Tommy C

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I'll give it a shot. I have some dry bottled peach wine that I can test with. Since I'm just using granulated lactose and not cream, I'm hoping I can avoid the issues you're describing. I'll let you know after I try!
 

BernardSmith

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If you are using lactose and not cream I don't see this as a problem. Lactose is a sugar. It's the proteins in milk that help create the curds, not the sugars.
 

Tommy C

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I am experimenting at the moment fermenting whey to make a traditional /historical Scottish wine known as blaand
I've never heard of blaand before. Can you tell me about it?
 

BernardSmith

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Not very much to tell. It seems that the Norse and the Scots used to make a wine from the byproduct of their cheese making - the whey. Blaand does not mean "bland" as in tasteless but blond as in pale straw straw colored, which is how this wine finishes. Today whey is often viewed as a waste product but in the past cheese was made at home on crofts and farms but that was a very hard scrabble life and putting this whey to good use other than feeding it to farm animals would have been something that most crofters would have chosen and they made a wine from the by-product of their cheese making. Turns out that there are no published recipes that I have been able to locate as this was truly a folk product but about 15 years ago a fellow called Humphrey Errington who ran a dairy in Scotland started selling a drink he called Fallachan (Gaelic for hidden treasure) which was his version of blaand. http://www.armchairanglophile.com/delicious-discovery-fallachan-blaand/ . A few years later he ran into some trouble with his cheese and sold the recipe to a brewery - Arran Brewery - that promised to continue making this wine but I can find no record that they did.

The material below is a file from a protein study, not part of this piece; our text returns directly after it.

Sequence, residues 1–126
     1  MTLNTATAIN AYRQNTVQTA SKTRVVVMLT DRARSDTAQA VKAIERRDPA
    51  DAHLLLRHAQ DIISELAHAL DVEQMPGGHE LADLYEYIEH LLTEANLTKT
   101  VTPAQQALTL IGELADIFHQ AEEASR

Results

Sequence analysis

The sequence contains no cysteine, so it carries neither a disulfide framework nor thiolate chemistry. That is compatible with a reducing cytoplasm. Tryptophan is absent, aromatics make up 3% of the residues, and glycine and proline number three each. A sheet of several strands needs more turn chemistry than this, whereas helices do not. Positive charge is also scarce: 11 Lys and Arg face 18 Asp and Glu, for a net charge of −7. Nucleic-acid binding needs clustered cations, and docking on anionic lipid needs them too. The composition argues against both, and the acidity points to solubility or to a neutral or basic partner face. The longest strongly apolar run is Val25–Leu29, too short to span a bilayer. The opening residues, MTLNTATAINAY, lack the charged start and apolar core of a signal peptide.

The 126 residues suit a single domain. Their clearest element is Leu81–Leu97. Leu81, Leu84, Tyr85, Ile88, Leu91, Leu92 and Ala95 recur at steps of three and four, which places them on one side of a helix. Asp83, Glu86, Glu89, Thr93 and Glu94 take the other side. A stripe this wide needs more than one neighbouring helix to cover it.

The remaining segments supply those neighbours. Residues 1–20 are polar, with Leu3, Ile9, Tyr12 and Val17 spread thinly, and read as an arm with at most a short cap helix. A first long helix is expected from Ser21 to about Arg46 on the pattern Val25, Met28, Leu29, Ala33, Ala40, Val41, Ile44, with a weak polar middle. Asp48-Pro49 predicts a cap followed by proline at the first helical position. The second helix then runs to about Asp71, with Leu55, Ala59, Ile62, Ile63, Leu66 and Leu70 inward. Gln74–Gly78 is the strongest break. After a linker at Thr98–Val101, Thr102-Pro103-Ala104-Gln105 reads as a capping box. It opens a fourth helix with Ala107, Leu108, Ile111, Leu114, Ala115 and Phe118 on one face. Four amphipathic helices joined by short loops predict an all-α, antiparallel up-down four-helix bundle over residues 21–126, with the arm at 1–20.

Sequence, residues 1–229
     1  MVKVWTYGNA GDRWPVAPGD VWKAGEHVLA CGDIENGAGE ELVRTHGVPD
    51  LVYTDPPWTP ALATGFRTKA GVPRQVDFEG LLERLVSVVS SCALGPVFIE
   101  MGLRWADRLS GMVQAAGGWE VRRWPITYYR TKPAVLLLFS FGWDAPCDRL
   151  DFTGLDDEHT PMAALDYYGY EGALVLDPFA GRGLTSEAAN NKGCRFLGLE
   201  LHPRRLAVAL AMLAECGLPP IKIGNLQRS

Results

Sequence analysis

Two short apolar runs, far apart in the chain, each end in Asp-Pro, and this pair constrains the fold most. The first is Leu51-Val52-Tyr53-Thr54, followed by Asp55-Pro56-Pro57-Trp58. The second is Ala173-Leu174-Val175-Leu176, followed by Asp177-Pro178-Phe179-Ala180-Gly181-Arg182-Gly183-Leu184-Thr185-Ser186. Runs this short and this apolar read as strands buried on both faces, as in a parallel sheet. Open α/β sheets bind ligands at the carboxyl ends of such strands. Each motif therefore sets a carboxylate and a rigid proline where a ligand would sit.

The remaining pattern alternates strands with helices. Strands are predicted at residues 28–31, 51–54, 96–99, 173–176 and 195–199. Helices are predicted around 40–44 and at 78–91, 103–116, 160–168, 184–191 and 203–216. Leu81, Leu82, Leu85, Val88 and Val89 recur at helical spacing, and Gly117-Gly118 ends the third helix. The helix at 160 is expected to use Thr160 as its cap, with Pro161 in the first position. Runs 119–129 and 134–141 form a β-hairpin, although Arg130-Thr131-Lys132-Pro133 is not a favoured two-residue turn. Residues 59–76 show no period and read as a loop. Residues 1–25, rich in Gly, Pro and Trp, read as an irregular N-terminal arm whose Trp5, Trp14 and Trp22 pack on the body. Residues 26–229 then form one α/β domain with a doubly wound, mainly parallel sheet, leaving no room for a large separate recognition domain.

A few people are currently making this wine as home brewers: here's one being made in Orkney (Scotland)